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This restored frame house was once home to the lockkeeper and his family. Today, it provides a look at everyday domestic life in the 19th century./Visit Hagerstown

It’s September when, as the song goes, “the days grow shorter.” But after a scorcher of a summer, there’s still time to do the things that you meant to do but didn’t.

“Everyone loves the C&O Canal,” said Dan Spedden, president of Visit Hagerstown.

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Learn about the workings of the historic – and scenic – C & O canal. Although Williamsport is close enough for a daytrip, there are enough attractions in the area to warrant a long weekend away./Visit Hagerstown

With the recent completion of the restoration and re-watering of the scenic (and historic) three-arched stone aqueduct spanning the Conococheague Creek, there are more reasons than ever to visit Williamsport, Md.

Spedden noted that the Cushwa Basin area of the Chesapeake & Ohio National Historical Park is “the number one tourism attraction in Washington County.” Here, within a half-mile stretch, visitors can experience the workings of the canal, thanks to the presence of a lock, a lift gate and a restored warehouse, now the site of a welcoming visitor’s center.

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Once a warehouse, this restored structure now serves as a visitor center in Williamsport. A myriad of activities at the midway point of the canal provide recreational, cultural, and historic opportunities./Visit Hagerstown

Additionally, the lock keeper’s wooden frame house provides a look into 19th-century family life; the sounding of a brass horn onboard canal boats once alerted the lock keeper, working from home but on duty 24/7, to open the gate. Other historic features include a turning basin (one of the few places on the canal where a boat could turn around) and a railroad lift bridge that, back in the day, raised train tracks, permitting boats to pass underneath.

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The Cushwa Basin area of the C & O is the “number one tourism attraction in Washington County.” Little wonder./Visit Hagerstown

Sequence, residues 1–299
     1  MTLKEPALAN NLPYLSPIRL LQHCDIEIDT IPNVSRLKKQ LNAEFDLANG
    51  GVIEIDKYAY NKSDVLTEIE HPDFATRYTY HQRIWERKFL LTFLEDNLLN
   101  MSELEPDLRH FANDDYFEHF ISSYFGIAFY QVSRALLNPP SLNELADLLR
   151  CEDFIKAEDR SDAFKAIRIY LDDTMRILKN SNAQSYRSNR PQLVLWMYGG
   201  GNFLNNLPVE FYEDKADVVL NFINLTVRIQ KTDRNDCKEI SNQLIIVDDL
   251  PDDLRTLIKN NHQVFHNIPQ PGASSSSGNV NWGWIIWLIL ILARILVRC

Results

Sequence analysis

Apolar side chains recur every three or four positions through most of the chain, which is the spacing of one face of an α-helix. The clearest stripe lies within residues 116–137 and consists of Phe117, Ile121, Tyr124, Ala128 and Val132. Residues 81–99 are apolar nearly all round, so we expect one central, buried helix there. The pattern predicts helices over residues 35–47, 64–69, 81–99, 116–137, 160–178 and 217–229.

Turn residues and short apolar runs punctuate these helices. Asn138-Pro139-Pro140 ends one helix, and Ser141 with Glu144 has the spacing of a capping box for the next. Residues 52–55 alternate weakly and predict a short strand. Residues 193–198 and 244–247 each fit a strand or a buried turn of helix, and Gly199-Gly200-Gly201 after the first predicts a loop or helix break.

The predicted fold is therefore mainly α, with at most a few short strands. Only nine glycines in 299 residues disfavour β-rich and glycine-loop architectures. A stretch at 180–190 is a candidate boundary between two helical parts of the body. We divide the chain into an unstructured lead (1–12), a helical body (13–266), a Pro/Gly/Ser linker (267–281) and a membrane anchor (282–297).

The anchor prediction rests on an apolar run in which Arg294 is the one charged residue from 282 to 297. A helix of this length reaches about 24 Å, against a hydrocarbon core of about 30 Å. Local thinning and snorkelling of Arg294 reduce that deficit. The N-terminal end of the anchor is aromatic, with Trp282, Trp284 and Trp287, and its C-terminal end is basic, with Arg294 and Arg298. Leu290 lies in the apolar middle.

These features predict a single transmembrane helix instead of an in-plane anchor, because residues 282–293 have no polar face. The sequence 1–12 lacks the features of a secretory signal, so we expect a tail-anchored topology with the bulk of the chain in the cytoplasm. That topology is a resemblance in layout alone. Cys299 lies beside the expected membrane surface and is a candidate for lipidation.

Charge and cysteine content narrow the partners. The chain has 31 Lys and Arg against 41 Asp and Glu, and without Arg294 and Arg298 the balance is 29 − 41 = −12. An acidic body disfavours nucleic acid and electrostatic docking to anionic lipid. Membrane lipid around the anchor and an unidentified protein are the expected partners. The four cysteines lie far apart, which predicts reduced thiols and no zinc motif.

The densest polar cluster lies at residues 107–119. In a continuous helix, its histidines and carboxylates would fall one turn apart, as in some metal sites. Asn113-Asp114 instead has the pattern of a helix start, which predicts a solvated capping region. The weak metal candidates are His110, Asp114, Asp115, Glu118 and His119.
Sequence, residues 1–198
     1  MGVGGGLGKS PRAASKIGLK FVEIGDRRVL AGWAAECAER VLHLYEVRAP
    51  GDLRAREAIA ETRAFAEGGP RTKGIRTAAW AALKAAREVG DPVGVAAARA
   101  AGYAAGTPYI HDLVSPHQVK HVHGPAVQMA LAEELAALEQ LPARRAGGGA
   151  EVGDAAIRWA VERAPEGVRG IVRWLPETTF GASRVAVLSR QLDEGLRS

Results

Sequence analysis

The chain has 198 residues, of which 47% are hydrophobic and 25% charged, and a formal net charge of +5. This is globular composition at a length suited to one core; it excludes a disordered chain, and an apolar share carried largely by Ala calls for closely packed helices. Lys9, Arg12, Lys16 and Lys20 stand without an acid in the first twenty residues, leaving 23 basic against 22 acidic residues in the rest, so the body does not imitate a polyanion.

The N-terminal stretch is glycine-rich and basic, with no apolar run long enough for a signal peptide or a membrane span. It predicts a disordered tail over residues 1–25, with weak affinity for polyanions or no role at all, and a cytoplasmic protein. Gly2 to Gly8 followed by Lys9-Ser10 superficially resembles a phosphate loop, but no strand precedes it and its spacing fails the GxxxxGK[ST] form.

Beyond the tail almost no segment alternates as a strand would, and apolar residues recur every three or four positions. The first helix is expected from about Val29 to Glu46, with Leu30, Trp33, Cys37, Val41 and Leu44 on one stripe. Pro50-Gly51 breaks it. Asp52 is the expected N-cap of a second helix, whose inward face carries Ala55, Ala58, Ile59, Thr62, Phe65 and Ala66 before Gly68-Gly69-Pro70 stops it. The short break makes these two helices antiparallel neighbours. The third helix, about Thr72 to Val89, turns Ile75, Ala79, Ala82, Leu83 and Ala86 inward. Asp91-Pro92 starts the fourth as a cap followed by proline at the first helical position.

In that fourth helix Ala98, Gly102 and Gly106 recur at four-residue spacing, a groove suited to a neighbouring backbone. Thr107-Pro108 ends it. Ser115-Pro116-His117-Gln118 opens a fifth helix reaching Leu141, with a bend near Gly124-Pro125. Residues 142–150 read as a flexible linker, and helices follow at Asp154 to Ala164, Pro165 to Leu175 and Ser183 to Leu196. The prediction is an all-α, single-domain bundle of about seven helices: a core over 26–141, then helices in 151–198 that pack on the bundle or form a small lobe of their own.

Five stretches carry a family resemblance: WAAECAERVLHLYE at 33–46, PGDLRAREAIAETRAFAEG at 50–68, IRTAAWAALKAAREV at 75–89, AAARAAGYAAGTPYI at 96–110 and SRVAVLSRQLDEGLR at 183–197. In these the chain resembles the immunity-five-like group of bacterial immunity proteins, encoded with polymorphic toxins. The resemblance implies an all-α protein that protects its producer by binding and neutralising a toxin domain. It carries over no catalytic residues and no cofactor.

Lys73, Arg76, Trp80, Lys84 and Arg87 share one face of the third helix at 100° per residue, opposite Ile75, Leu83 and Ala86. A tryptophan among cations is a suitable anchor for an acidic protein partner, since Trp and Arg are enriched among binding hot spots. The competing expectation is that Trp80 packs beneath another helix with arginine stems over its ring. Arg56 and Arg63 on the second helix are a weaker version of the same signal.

Constructed between 1828 and 1850, the C&O Canal was a commercial operation, owned and funded by stockholders. A flood in 1924 destroyed the canal, and operations ceased. But in 1971, the otherwise lost treasure was placed in the care of the National Park Service. Recent restorations (including work on the aqueduct) were made thanks to a partnership between the park service and the state of Maryland. Looking ahead, as the 50th anniversary of the property as a national park draws near, Washington County will host the 2021 World Canal Conference.

Seventy-two of the 184.5 miles of the canal are located in Washington County. Williamsport is not only the midway point (the canal extends from Georgetown to Cumberland), but also “the jewel in the necklace,” in Spedden’s words. He stressed the “recreational, cultural and historic appeal” of the area (“the canal is a busy spot”). Hike or bike the recreational trail along the canal, or enjoy a leisurely boat ride.

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Hike, bike. . .or enjoy a leisurely boat ride at the Cushwa Basin area of the Chesapeake & Ohio National Historical Park in Williamsport, Md./Visit Hagerstown

Located off Interstate 81, Williamsport is approximately 70 miles from the Baltimore-Washington area, an easy day trip away. But because of some “cool” B&Bs (and the worth-the-trip Desert Rose Café, with its organic offerings), this family-friendly destination is also perfect for a romantic getaway, he noted.

While in the area, Spedden suggests a side trip to the Antietam National Battlefield. Linger a while in Hagerstown and visit the Washington County Museum of Fine Arts, located in the historic City Park, where “The Blues and the Abstract Truths,” highlighting the works of African American artists, is on exhibit. Enjoy what has been called America’s second most beautiful city park, and stroll along the city’s cultural trail. As Spedden said, “Why rush?”

For more suggestions, download the “Visit Hagerstown” app.

For more information:

visithagerstown.com

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